April 2, 2021

Prechter Program Spring 2021 Studies

A comprehensive listing of all the studies being worked on Spring 2021

  • Longitudinal Study of Bipolar DisorderMelvin McInnis: The Longitudinal study is an observational study that has been ongoing for 15 years. Individuals with bipolar disorder and individuals with no history of mental health disorders are enrolled in the study and followed over their lifetime. These participants are often invited to participate in other studies and analysis of this rich database is ongoing.
  • Identifying Subtypes of Bipolar Disorder Using Longitudinal Mood trajectoriesIvy Tso: This project aims to identify and validate subtypes of bipolar disorder based on patterns of mood symptoms and changes over time.
    • The results are expected to inform treatment matching and identification of genetic and biological markers.
  • Bipolar Longitudinal Outcomes Measures Study (BLOOM)Melvin McInnis: This study is a remote-only study of individuals with bipolar disorder and those without. Subjects are administered online questionnaires on a monthly basis with the aim of assessing mood fluctuations and functioning over time to better understand the course of bipolar disorder and symptom variability.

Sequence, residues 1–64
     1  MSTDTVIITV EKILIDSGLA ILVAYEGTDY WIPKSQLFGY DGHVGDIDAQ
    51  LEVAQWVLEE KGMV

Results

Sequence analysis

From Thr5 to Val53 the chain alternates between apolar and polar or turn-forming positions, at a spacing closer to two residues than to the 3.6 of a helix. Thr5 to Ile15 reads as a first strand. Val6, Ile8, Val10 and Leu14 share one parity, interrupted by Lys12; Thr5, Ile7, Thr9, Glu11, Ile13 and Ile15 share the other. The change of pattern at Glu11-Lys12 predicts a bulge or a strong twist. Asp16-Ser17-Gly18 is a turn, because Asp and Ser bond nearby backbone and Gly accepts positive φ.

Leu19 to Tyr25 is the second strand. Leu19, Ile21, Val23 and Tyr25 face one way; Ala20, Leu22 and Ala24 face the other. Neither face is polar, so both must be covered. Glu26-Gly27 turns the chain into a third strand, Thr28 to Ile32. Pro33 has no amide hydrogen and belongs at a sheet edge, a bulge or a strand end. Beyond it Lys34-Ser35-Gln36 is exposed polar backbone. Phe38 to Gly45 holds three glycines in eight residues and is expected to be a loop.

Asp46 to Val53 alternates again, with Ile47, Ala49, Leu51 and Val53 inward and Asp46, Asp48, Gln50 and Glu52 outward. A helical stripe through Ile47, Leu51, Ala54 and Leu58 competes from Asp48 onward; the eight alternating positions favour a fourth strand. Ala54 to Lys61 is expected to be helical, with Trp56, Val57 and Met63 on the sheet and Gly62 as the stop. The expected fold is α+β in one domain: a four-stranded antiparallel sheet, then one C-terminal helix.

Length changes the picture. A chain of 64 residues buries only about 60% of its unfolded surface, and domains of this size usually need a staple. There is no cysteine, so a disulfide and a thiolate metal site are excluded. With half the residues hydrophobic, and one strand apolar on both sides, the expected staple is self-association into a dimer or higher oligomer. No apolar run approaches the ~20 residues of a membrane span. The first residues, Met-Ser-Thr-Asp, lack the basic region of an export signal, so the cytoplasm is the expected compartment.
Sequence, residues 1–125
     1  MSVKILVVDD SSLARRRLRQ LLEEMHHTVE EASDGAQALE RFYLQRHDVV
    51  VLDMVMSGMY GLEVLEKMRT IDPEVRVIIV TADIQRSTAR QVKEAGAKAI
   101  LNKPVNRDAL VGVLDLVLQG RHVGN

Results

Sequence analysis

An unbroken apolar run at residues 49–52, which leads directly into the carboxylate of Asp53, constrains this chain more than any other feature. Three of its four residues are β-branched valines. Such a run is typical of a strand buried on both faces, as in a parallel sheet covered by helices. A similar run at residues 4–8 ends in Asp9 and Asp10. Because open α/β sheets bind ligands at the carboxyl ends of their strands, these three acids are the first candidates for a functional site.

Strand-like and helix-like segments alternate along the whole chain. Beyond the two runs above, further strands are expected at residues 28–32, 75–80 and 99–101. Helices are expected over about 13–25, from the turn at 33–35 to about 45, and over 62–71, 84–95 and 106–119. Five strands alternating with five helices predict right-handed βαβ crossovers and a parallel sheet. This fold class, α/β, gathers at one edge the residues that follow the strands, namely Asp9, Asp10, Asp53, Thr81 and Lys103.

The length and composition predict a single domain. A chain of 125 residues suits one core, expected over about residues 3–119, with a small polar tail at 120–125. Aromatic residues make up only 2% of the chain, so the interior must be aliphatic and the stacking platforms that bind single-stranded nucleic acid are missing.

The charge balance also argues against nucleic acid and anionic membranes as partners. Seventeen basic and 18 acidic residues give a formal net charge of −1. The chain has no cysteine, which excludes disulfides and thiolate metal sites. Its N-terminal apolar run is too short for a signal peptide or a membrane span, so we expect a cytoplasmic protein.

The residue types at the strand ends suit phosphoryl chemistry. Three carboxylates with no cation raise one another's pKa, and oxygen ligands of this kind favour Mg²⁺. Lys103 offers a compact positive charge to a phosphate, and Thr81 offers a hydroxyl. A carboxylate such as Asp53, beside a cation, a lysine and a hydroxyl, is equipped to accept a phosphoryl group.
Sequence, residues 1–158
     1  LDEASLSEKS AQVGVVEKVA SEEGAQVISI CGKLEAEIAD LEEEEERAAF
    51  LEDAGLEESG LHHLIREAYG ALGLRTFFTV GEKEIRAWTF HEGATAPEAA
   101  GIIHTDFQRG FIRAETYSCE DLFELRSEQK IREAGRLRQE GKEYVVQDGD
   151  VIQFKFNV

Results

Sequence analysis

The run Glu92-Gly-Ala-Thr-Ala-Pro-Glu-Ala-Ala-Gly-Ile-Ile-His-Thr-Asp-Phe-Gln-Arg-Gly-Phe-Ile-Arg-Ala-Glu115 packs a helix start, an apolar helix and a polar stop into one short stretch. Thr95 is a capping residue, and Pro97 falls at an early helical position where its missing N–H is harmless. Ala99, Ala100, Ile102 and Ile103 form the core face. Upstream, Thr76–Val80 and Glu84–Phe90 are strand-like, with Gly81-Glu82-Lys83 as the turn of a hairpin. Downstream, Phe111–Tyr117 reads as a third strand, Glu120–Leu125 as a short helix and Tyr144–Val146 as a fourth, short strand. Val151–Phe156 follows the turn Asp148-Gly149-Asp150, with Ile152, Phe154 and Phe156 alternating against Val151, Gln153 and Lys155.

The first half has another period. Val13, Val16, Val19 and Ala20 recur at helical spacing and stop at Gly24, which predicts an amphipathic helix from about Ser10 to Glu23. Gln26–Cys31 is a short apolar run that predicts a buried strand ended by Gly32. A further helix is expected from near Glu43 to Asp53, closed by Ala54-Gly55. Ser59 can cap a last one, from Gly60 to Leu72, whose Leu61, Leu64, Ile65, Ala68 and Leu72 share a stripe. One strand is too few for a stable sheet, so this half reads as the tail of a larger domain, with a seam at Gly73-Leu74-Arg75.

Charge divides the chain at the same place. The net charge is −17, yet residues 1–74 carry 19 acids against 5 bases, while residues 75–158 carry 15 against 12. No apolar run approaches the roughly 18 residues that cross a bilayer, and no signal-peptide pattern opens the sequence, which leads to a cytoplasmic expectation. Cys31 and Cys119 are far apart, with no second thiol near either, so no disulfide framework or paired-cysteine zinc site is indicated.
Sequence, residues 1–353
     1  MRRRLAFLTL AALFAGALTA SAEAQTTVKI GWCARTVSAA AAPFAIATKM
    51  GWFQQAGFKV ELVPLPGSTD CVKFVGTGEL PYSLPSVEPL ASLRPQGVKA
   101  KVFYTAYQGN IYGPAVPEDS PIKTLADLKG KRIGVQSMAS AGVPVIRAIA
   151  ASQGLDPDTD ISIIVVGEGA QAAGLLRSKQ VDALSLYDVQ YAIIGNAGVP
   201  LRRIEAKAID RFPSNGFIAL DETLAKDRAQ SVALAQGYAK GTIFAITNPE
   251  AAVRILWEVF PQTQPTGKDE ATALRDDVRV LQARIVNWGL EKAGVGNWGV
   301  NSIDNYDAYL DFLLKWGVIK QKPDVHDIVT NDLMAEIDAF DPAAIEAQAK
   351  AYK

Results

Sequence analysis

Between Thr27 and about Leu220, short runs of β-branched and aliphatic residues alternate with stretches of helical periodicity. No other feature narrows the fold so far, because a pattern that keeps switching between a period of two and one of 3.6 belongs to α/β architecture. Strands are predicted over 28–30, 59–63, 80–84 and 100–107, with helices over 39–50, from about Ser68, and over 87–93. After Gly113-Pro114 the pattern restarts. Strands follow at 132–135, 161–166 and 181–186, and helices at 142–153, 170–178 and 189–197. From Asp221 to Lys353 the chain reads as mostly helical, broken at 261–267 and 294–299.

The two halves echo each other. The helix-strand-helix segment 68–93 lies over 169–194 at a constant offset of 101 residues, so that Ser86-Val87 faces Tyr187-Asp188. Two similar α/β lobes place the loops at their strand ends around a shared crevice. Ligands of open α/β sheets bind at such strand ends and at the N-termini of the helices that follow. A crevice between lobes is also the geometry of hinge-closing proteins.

• Electrophysiological Signature of Affective Response Inhibition in Bipolar Disorder: Development of a BiomarkerTso: The project aims to characterize the electrophysiological profile of affective response inhibition deficits in bipolar disorder and develop an EEG-based classifier of bipolar disorder.
  • Sleep Across Seasons Study (SASS)Helen Burgess: Using participants from the Longitudinal Study, this research is observational and examines the impact of lunar cycles on sleep, melatonin production cortisol oxidative stress and mood across the four seasons.
  • Mood Lifters for Bipolar DisordersLisa O’Donnell: Mood Lifters was developed by Patty Deldin and is a program which follows the Weight Watchers model of weekly check-ins and peer-led motivational/informational lectures. Lisa O’Donnell has adapted Mood Lifters for participants with Bipolar Disorder and will conduct trial groups with the bipolar curriculum.
  • Longitudinal Voice Patterns in Bipolar Disorder (PRIORI)Emily Mower Provost and Melvin McInnis: This study uses elements of speech captured on a smart phone to build computer algorithms which will predict shifts in mood. Beginning in March 2021, research techs will begin the second phase of annotating speech segments for valence and activation to inform the computer algorithms.